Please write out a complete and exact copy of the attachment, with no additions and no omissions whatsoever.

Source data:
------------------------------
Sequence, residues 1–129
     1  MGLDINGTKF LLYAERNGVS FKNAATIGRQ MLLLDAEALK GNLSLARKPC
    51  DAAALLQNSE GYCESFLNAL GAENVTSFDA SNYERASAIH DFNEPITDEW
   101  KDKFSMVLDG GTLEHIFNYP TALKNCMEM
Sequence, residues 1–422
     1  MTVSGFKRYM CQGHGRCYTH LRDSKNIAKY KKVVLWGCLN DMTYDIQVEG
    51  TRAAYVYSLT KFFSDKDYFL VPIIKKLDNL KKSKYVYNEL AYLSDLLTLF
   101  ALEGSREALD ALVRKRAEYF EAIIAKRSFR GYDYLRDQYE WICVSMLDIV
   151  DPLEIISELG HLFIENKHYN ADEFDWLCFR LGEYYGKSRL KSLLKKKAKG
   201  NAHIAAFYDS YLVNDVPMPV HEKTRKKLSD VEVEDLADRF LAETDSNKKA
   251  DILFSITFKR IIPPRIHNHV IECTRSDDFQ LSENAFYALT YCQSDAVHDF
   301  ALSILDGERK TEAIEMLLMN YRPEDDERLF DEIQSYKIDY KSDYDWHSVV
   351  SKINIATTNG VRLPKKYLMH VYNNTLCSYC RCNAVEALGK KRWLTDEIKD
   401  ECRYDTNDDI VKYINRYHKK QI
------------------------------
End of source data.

Sequence, residues 1–129
     1  MGLDINGTKF LLYAERNGVS FKNAATIGRQ MLLLDAEALK GNLSLARKPC
    51  DAAALLQNSE GYCESFLNAL GAENVTSFDA SNYERASAIH DFNEPITDEW
   101  KDKFSMVLDG GTLEHIFNYP TALKNCMEM
Sequence, residues 1–422
     1  MTVSGFKRYM CQGHGRCYTH LRDSKNIAKY KKVVLWGCLN DMTYDIQVEG
    51  TRAAYVYSLT KFFSDKDYFL VPIIKKLDNL KKSKYVYNEL AYLSDLLTLF
   101  ALEGSREALD ALVRKRAEYF EAIIAKRSFR GYDYLRDQYE WICVSMLDIV
   151  DPLEIISELG HLFIENKHYN ADEFDWLCFR LGEYYGKSRL KSLLKKKAKG
   201  NAHIAAFYDS YLVNDVPMPV HEKTRKKLSD VEVEDLADRF LAETDSNKKA
   251  DILFSITFKR IIPPRIHNHV IECTRSDDFQ LSENAFYALT YCQSDAVHDF
   301  ALSILDGERK TEAIEMLLMN YRPEDDERLF DEIQSYKIDY KSDYDWHSVV
   351  SKINIATTNG VRLPKKYLMH VYNNTLCSYC RCNAVEALGK KRWLTDEIKD
   401  ECRYDTNDDI VKYINRYHKK QI